“He restores my soul.”
Last week we were glad to welcome to NCC a number of high school students as part of their school’s “service day”. They brought with them an enthusiam and readiness to put their hands to whatever we planned for them to do. And we had just the right project waiting for them. Painting! At our church lies an upstairs area that had been neglected for years. And there was one particular wall fashioned with a fairly large mural that we assumed would take a bit of extra effort to paint over. Well, after a strenous preparation process that included sanding and a few applictations of primer, the student were able to cause the mural to completely disappear as if it had never existed.
If you have been a Christian for a substantial length of time, you are undoubtedly acquainted with Psalm 23, the song of the loving shepherd. Few words bring greater comfort to the soul then the opening announcement, “The LORD is my shepherd. I shall not want.” It’s as if we can see King David folding his arms behind his head and fully resting in the suffiency and lovingkindness (hesed) of his God. David wanted for nothing. All he could ever want and need in life could be found in the hands of his Shepherd. And that was a tremendous source of reassurance. Because as with all of us, David would come to know that his greatest need was for his soul to be restored—-time and time and time again.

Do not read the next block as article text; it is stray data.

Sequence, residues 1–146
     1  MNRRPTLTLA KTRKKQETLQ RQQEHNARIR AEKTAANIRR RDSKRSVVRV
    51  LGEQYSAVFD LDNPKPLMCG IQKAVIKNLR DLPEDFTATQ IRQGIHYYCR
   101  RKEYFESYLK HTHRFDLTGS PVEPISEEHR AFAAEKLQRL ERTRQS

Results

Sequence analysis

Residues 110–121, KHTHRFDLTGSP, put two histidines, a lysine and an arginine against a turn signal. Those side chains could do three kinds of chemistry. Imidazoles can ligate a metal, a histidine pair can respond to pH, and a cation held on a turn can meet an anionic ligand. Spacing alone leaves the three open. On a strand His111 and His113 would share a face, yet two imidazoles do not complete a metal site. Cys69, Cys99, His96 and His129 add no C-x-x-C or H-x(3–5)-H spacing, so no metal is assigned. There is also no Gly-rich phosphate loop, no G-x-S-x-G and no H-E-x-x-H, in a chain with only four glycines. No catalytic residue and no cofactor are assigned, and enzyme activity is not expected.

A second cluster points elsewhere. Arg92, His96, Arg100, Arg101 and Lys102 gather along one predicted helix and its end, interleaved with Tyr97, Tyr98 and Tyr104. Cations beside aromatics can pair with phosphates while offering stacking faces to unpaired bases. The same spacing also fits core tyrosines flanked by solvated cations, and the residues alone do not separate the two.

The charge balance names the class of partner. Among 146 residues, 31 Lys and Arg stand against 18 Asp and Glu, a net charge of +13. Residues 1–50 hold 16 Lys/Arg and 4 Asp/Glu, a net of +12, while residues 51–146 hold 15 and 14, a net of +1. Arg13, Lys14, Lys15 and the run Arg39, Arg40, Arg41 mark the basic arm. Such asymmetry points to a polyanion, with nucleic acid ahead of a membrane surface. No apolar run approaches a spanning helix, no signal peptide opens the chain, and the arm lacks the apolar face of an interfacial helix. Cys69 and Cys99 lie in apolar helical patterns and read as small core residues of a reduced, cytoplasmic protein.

“Brings me back to repentance”
David, who himself did a bit of shepherding, reflects on the nature of his relationship with God through that lens. And what he would have been quite experienced in is recapturing sheep who have wandered from the fold. One commentator (Kidner) explains that the idea of “restoring” refers to the “rescue of a lost one”. Contained in David’s expression therefore is a sense of gratitude of how God time and time again is able to bring David back to repentance. It really is a beautiful statement expressing the power and grace of God to bring about a fresh beginning in our relationship with Him and with others.
Because we are prone to wander, our souls begin to resemble a dark-colored mural plastered permanently over our hearts. We may have even allowed ourselves to remain in such a state for an extended time, which has the effect of resigning us to the belief that our case is a hopeless one. Nevertheless, Christ in His infinite grace and forgiveness is able to apply the only primer strong enough to penetrate the hardness of heart due to sin. We are left with a blank canvas, as it were, where He is able to refine His image upon us. This is the great work of God in the life of individual Christians—in the lives of Christian marriages—in the life of the church. He never grows weak in His ability to bring about spiritual renewal.
Maybe you or someone you love has wandered in their heart from the Shepherd. Invite God to do a new work of restoration in that situation. As the old gospel spiritual reminds us,
“Nobody works like Him.”
Abiding In Him,